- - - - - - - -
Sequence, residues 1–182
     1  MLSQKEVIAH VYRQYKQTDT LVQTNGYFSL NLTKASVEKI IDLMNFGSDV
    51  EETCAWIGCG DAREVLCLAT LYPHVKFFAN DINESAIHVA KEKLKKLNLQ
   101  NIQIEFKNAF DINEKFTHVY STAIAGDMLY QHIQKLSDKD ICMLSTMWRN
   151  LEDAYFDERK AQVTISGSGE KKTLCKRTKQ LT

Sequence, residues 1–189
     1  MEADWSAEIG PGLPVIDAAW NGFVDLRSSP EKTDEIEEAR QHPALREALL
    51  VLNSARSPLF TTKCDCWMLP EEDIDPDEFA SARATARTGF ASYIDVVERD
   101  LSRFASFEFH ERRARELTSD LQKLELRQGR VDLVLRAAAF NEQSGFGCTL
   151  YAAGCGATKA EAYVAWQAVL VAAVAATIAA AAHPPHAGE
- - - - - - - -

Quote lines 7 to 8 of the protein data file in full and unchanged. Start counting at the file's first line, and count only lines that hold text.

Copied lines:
     1  MEADWSAEIG PGLPVIDAAW NGFVDLRSSP EKTDEIEEAR QHPALREALL
    51  VLNSARSPLF TTKCDCWMLP EEDIDPDEFA SARATARTGF ASYIDVVERD